A Closer Look: Flood Resilience
By admin August 4, 2016

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Floods are now causing more economic, social and humanitarian losses worldwide than any other type of natural hazard. According to the U.N. Office for Disaster Risk Reduction, 250 million people each year on average are affected. According to Luca Alinovi’s article ‘Solutions not Band-Aids: Building flood resilience with the world’s most vulnerable people’, the economic losses from earthquakes, tsunamis, cyclones and flooding now reach an average of USD $250 billion to USD $300 billion each year, with flooding accounting for 47 percent of all weather related hazards. With climate change, population growth and urbanization, the problem is only expected to worsen in the coming years.

In order to tackle what seem to be an insurmountable, unsolvable problem, in 2013, Zurich Insurance Group launched a global program to enhance flood resilience comprising a five-year commitment, and including an initial investment of USD $35.6 million by the Zurich Foundation. The initiative established a series of cross-sector partnerships with the International Federation of Red Cross and Red Crescent Societies, the Wharton Business School, Practical Action and the International Institute for Applied Systems Analysis — consciously bringing together the humanitarian, development, academic and private sector. Together they launched dozens of community programs in Mexico, Indonesia, Nepal, Peru and Bangladesh. Although fruitful, the programs revealed a host of challenges when it comes to creating innovative solutions to support resilience.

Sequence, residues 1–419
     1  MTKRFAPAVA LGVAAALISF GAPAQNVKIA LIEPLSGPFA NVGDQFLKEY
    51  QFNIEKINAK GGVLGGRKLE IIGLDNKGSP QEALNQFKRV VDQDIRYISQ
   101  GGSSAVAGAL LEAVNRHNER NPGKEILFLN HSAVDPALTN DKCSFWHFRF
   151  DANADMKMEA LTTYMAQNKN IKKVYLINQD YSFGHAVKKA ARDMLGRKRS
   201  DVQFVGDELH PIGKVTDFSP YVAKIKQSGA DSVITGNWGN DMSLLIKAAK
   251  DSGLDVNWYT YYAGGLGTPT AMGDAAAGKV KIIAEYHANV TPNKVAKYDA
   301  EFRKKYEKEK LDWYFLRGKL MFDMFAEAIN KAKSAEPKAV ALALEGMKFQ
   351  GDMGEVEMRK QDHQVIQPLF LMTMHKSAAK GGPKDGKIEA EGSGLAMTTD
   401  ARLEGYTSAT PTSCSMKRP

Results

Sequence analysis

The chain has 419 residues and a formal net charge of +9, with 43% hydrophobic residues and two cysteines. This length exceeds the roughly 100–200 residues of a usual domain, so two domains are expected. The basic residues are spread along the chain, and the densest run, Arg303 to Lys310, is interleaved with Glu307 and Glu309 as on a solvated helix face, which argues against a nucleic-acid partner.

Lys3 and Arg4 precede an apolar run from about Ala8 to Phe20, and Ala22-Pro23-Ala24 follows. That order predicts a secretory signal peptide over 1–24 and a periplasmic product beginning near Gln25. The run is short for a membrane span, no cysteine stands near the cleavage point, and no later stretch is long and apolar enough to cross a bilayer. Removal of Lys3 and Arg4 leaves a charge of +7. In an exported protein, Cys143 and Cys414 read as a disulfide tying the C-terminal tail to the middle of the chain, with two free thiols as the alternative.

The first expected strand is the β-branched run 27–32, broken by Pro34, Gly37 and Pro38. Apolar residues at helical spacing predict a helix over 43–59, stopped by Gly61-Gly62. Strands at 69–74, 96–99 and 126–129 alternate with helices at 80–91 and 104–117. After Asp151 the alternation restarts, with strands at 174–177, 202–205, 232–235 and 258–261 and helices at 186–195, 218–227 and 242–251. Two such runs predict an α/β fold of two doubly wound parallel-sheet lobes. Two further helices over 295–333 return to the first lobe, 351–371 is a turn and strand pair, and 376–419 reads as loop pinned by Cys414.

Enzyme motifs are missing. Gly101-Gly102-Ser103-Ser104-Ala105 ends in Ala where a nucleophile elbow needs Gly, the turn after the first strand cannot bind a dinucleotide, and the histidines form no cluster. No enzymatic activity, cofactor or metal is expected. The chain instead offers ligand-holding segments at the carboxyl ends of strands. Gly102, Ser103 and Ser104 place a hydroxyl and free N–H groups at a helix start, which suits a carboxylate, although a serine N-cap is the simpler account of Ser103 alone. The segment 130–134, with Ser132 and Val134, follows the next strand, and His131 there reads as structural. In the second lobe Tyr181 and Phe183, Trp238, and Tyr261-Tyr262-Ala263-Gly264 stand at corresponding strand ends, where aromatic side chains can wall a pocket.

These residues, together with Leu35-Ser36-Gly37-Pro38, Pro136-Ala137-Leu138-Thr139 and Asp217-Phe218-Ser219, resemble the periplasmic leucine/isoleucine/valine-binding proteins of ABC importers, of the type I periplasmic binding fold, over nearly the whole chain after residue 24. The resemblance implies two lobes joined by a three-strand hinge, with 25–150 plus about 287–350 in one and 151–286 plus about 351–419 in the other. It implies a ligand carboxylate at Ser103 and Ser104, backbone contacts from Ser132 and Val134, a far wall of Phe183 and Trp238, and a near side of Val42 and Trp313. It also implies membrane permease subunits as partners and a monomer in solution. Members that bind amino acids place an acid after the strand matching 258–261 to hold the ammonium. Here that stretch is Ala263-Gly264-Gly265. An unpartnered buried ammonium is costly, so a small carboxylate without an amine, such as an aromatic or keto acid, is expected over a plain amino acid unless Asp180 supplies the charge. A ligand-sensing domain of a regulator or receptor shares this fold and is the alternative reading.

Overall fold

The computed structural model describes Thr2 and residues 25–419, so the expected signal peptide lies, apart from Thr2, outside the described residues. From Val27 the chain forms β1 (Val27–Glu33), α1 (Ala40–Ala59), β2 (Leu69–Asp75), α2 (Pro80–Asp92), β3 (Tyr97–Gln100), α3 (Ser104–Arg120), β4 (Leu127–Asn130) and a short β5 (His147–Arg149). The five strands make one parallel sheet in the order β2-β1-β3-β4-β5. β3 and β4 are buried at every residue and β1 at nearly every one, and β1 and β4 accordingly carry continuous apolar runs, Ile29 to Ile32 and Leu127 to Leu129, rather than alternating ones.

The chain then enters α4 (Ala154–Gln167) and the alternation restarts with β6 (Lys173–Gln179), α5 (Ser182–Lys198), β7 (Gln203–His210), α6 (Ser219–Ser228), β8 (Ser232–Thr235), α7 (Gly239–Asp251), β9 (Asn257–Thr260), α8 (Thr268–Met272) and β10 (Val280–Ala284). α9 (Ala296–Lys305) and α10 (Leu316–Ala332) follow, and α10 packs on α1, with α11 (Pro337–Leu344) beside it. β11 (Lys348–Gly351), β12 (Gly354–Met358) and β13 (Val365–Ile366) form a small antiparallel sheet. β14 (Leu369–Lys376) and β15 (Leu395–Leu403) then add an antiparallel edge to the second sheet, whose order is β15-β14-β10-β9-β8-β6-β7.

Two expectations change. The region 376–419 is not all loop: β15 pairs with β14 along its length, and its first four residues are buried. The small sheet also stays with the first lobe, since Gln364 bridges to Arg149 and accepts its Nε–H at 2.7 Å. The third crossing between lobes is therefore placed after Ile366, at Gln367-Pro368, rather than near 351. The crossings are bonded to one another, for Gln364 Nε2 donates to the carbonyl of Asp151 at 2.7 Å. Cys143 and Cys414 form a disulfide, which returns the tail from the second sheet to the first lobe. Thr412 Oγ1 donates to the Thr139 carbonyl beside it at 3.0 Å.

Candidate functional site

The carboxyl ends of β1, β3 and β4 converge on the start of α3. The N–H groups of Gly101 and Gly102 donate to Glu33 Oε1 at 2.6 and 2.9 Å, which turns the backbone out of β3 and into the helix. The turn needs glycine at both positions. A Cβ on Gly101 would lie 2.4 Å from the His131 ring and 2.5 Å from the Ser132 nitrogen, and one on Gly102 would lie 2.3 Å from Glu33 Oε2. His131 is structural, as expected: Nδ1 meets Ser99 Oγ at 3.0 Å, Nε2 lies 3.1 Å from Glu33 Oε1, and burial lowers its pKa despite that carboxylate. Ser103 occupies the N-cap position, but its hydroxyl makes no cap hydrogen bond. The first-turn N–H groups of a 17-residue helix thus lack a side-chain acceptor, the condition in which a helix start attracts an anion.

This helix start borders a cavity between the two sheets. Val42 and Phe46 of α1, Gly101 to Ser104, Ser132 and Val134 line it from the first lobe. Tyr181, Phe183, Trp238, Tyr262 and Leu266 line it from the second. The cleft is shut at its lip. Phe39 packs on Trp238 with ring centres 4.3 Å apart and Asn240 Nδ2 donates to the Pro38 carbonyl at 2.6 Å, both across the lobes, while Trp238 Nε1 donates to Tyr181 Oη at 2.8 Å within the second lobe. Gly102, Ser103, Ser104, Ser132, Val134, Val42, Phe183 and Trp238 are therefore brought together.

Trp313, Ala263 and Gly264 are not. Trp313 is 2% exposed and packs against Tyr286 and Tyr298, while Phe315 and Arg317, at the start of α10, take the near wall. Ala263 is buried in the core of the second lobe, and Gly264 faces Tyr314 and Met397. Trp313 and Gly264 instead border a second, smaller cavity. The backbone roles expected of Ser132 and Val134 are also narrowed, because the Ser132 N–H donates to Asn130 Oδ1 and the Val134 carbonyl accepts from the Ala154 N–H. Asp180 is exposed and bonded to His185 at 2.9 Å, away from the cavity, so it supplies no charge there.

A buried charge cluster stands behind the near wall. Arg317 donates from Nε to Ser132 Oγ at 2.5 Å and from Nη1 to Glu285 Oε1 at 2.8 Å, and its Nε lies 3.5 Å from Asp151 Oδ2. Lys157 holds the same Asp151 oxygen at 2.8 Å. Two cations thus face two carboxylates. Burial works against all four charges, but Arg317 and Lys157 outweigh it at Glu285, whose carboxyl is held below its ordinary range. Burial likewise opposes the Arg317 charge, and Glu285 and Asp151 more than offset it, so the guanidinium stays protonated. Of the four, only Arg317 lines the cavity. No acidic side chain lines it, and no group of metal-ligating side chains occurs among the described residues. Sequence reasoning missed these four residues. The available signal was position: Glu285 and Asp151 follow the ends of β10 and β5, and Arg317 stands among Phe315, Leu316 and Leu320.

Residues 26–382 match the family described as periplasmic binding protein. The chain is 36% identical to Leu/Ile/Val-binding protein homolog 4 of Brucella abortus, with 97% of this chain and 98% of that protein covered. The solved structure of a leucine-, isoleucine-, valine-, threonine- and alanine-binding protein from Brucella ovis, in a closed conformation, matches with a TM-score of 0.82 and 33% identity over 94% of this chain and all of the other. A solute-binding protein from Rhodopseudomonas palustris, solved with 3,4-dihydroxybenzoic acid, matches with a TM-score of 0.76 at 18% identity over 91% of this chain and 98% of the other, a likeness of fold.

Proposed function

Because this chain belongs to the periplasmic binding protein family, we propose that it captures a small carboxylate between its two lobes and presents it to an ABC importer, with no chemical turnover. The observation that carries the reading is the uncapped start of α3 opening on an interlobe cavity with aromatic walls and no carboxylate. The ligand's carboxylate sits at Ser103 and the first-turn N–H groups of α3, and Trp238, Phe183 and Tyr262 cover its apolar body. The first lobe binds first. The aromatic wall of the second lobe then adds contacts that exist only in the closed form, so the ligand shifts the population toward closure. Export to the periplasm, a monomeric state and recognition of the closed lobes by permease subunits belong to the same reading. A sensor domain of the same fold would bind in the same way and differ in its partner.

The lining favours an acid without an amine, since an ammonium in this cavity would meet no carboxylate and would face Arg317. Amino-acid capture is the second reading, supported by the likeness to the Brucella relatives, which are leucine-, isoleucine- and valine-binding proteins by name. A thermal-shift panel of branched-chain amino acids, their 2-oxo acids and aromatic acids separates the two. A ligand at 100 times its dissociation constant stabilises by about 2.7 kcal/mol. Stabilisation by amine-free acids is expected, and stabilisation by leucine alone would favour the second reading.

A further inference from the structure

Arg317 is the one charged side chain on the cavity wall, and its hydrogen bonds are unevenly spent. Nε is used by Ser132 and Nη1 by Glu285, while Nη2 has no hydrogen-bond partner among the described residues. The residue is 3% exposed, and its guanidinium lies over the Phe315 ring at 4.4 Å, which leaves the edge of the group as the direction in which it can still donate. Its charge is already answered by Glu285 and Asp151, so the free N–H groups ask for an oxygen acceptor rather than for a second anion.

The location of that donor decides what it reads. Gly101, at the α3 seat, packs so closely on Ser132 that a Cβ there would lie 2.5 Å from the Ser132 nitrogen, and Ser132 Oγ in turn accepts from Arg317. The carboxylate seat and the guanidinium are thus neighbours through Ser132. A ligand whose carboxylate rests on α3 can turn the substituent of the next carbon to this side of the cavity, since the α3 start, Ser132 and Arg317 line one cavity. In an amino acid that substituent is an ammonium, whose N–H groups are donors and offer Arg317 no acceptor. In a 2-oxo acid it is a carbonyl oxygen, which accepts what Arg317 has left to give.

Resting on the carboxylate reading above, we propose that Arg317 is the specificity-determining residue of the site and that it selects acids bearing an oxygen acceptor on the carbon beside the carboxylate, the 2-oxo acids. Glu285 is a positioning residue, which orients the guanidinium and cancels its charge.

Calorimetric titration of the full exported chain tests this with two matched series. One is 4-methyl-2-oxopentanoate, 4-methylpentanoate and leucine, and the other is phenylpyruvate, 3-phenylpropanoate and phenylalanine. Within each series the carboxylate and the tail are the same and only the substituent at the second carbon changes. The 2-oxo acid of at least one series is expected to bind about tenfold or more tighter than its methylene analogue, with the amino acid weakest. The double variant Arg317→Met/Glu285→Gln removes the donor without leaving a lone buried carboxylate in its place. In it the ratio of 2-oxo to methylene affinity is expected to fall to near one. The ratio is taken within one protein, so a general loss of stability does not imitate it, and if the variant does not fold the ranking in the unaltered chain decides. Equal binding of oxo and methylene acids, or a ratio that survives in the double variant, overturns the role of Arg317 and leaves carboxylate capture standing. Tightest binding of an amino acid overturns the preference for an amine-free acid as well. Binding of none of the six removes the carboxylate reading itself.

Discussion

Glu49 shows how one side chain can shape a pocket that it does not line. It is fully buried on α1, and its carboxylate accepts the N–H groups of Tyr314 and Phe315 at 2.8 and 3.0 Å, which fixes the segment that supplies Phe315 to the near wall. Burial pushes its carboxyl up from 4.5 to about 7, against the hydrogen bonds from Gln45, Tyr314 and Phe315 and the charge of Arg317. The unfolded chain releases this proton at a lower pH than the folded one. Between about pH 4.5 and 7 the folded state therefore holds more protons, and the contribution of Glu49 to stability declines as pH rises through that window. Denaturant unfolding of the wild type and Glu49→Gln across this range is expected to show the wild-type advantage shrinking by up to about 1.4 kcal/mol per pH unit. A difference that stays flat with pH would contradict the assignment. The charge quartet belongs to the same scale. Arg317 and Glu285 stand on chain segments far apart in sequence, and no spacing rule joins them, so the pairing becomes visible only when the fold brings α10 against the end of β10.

There was consensus too that flooding and water management can no longer be viewed in isolation, with long-term sustainability and resilience involving three main elements: ecosystems, infrastructure and institutions. “Flood resilience is not only about building dams and drains. It can be smaller solutions at the community level.” Said Linda Freiner, manager of the flood resilience program at the Zurich Insurance Group.

The fundamental belief behind the flood resilience program is that it needs to be done through work across sectors. Floods is such an interconnected, interdependent problem, that it cannot be tackled by one stakeholder alone. It is necessary to gather partners with complementary skills and expertise, which is why it is imperative to connect academia to humanitarian organizations to insurance companies. Most experts also stressed the need for better partnerships to scale-up the best initiatives that are already out there. To do so, better communication and coordination is needed between and among different levels of government, humanitarian and development organizations, the private sector and communities themselves.

Floods in themselves are natural, but the disasters they create are man-made, because of urbanization and population growth in exposed areas. It’s imperative for the development sector to bring the private sector into the game instead of regarding them as funders. The private sector can also be the key players who bring skills and expertise. We also have a business to run, so for us it’s really important that it fits well with our strategy and the mission and what we want to achieve as a company.

To find out more:

Moving resilience measurement from theory to practice

Reduce the impact of floods

Social-Ecological Resilience to Coastal Disasters

Attaining improved resilience to floods: a proactive multi‐stakeholder approach
Flooding, vulnerability and coping strategies: local responses to a global threat

Resilience and Sustainable Development: Building Adaptive Capacity in a World of Transformations

Engage women in building disaster resilience

How to achieve flood resilience? Embrace innovation

How would you make flood-prone communities resilient?

Amplifying the conversation on flood resilience

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